In general, the secondary is shaping up to be the deepest and strongest part of the team. Especially at safety.
Coach Chryst gets the puffer for being a “breath of fresh air” for the team and the way he runs things during spring practices.
The Paul Chryst era has barely begun at Pitt, but the biggest change is already easy to see and hear.
In practices last year under Todd Graham, it was the coaches doing the barking and whistle-blowing, like drill sergeants. All stressing to rush between plays. Sprint to the line of scrimmage. Shout and blow whistles. Call the next signal. Snap the ball. Get rid of it in a half-second. More shouting. More whistles. Sprint to the next drill station.
Instead, just look at what’s happening around Chryst.
On this day, it was the players most vocally engaged in full-contact scrimmages. They challenged, admonished, even shoved each other to make points. They tackled as if it were late November in Morgantown.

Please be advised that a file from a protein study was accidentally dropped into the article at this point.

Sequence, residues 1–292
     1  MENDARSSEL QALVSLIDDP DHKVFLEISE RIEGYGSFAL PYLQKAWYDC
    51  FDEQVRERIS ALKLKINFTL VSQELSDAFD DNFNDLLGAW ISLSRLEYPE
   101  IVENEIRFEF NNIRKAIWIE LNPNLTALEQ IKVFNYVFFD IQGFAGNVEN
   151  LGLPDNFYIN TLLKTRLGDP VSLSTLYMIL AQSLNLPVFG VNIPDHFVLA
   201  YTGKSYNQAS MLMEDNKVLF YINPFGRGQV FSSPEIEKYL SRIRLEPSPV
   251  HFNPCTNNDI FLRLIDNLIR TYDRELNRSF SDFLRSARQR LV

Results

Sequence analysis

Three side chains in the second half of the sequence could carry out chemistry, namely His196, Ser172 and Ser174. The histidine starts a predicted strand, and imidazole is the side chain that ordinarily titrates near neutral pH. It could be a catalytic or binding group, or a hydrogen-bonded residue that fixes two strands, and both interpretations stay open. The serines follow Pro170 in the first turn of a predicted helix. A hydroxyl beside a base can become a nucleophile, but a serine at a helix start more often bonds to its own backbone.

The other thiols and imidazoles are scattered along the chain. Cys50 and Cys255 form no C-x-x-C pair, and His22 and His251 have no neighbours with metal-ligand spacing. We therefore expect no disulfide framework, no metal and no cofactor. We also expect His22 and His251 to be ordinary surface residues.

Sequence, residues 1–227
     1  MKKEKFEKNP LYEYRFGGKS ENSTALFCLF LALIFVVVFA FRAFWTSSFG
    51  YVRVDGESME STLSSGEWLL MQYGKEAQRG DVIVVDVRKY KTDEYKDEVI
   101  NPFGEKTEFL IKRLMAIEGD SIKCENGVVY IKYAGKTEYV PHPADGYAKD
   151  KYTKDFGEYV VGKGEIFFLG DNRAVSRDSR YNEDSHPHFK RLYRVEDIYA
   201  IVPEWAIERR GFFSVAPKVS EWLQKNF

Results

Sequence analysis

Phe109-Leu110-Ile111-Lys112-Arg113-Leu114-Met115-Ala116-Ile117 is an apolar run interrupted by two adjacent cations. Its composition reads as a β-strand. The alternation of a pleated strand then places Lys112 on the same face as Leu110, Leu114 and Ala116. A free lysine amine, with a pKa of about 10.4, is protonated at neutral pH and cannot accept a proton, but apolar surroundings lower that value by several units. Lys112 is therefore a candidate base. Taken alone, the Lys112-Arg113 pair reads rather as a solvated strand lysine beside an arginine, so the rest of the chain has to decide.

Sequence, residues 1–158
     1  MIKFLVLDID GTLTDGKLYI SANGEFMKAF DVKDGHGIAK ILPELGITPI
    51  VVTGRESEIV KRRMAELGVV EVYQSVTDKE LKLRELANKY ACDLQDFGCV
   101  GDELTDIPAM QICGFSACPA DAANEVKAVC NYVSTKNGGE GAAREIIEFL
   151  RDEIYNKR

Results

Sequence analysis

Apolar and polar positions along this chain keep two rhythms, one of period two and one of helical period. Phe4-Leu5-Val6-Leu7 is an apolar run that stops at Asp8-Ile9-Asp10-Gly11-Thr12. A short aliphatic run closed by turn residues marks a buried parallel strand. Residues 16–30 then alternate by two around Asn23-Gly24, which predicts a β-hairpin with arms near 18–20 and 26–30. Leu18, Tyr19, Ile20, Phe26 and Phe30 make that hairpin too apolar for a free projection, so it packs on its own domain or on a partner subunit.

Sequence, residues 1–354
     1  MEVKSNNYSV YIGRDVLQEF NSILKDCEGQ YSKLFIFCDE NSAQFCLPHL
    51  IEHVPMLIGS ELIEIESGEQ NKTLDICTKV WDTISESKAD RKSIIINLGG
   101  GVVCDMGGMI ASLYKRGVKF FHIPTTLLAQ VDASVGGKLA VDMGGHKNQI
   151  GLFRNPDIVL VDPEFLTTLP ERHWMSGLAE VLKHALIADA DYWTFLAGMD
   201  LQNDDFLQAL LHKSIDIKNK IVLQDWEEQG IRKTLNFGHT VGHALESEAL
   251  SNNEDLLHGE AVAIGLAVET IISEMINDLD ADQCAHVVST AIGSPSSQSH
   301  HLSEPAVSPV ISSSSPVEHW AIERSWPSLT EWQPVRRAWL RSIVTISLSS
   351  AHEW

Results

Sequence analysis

Last year it was how Graham was changing the culture. The discipline off the field. How the speed of the practice, while ragged would help them during the season with a no-huddle look. So, it all sounds and reads great, but at the same time remember this is the honeymoon period.
It is worth noting how much happier the beat writers and media in general are this spring. It doesn’t have as much to do with the BS of FraudGraham as you might think. It has to do with access. Graham closed practices last year. It made their jobs harder and provided a lot less content. Here’s what I wrote last year about it.